And just like in past years, in other areas, natural disasters devastated lives, communities, and local real estate. It can boost home prices and rents in unaffected pockets as locals compete for housing. But it can also hurt an area's image as folks don't want to suffer through another disaster.
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To figure out where prices are down the most, we looked at the change in median list prices on realtor. And we limited the ranking to no more than three metros per state. Yes, you read that right. Perennial hottest market in the U. For the past few years, home prices in this city at the heart of Silicon Valley have soared at double-digit rates.
But last fall, red flags started to appear.
Now prices are plummeting faster than anywhere else in the U. Time for a quick reality check: None of this means that San Jose has become a bargain. It's still America's most expensive real estate market. But therein lies the problem—prices just shot up too high.
And even in the San Francisco Bay Area, what comes up must come down.
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Federal tax law changes also played a role. Plus, the amount of mortgage interest deduction folks can write off on their taxes was reduced. In pricey areas like San Jose, that can translate into a big financial hit. This has led dwellings to sit longer on the market, climbing from a median 19 days to 27 from April to April At the time it was the largest wildfire in California history.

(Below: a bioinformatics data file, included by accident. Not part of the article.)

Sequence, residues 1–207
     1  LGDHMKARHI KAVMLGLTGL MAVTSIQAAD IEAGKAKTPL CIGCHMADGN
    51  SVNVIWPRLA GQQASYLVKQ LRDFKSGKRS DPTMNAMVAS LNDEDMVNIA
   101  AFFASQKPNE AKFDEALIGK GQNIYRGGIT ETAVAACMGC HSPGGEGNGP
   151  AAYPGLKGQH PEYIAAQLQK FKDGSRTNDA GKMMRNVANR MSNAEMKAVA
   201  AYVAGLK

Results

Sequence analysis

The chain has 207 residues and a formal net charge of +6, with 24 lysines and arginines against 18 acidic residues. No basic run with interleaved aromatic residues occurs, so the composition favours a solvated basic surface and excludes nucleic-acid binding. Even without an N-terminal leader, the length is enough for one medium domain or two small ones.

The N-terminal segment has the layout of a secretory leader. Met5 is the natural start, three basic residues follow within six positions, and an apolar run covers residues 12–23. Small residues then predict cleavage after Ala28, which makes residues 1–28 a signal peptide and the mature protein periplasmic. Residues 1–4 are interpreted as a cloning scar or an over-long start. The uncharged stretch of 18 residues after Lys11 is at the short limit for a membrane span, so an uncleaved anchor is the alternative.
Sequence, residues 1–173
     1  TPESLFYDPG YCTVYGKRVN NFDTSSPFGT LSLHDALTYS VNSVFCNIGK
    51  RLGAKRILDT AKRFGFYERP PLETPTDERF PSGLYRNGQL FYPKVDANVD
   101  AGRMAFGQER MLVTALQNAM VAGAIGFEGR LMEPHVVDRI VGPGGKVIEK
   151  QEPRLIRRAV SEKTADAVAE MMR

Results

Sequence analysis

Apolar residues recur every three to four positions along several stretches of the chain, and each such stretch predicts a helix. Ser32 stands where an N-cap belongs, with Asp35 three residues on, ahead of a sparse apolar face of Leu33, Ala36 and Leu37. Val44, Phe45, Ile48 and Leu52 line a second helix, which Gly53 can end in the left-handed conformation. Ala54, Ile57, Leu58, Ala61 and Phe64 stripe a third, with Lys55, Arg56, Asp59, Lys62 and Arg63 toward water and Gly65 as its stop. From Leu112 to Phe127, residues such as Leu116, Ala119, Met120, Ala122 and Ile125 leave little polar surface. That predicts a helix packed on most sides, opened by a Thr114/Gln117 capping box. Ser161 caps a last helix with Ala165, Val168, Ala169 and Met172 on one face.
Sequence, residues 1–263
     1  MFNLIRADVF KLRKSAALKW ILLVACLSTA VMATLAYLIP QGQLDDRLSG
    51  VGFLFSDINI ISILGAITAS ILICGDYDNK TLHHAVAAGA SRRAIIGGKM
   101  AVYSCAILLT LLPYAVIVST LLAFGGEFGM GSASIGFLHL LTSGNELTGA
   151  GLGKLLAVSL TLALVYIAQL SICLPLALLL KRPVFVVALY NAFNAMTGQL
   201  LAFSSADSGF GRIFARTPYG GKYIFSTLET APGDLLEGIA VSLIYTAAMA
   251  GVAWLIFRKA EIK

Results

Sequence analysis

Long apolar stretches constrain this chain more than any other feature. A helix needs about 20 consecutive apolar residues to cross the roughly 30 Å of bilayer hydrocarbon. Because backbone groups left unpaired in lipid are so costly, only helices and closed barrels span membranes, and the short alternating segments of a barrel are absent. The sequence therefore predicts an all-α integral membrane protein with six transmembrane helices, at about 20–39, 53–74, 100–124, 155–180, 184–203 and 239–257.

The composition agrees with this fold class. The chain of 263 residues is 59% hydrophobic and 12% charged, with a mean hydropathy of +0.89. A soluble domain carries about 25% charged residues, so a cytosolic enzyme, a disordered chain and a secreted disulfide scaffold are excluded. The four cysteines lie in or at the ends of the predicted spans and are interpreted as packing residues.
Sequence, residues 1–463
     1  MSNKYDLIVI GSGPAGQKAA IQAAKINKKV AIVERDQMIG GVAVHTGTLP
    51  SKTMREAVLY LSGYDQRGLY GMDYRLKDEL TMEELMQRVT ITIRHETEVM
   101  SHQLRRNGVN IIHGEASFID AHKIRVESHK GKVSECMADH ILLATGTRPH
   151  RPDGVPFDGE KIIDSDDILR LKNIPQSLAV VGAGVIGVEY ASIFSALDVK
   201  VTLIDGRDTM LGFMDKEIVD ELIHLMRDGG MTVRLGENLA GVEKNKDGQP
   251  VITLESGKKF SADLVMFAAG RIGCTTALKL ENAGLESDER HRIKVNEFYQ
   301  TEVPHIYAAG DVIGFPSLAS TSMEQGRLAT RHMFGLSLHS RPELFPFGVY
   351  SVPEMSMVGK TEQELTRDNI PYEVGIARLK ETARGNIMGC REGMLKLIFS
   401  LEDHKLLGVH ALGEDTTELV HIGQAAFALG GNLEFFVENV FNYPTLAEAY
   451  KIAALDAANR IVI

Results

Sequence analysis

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And that was just the beginning of the widespread damage—the conflagration damaged ground soil and tree roots, leading to mudslides that wiped out still more homes. In the disaster's wake, some displaced victims left the area altogether instead of going through the long, painful process of rebuilding.
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Others who were thinking of moving to the area changed their plans altogether. With high prices, mortgage rates, and the tax changes, many stayed on the sidelines, lessening demand in the area. But builders in pro-development Texas went a bit overboard in recent years. That resulted in a glut of new homes in this market two hours northwest of Houston, pushing inventory up Eventually, investors are expected to snap up many of these properties and rent them out to students.
But it also means buyers have options.
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So they can take their time finding the right one—and then negotiating the price down. Folks here can snag a new home for a bargain compared with those in bigger cities such as Austin and Dallas. Prices are sky-high in this golden metro encompassing all of wealthy Fairfield County , home to some of the toniest enclaves just outside of New York City. That's because the state has some of the highest property taxes in the nation—and now homeowners can't write off nearly as much. Plus, many of the affluent buyers who might normally head for Fairfield County may be choosing to go to Manhattan instead.
That's because the city has had an influx of new, luxury towers going up in recent years—including the flashy, massive development Hudson Yards. The cooling in the Bridgeport metro has helped push inventory up 8.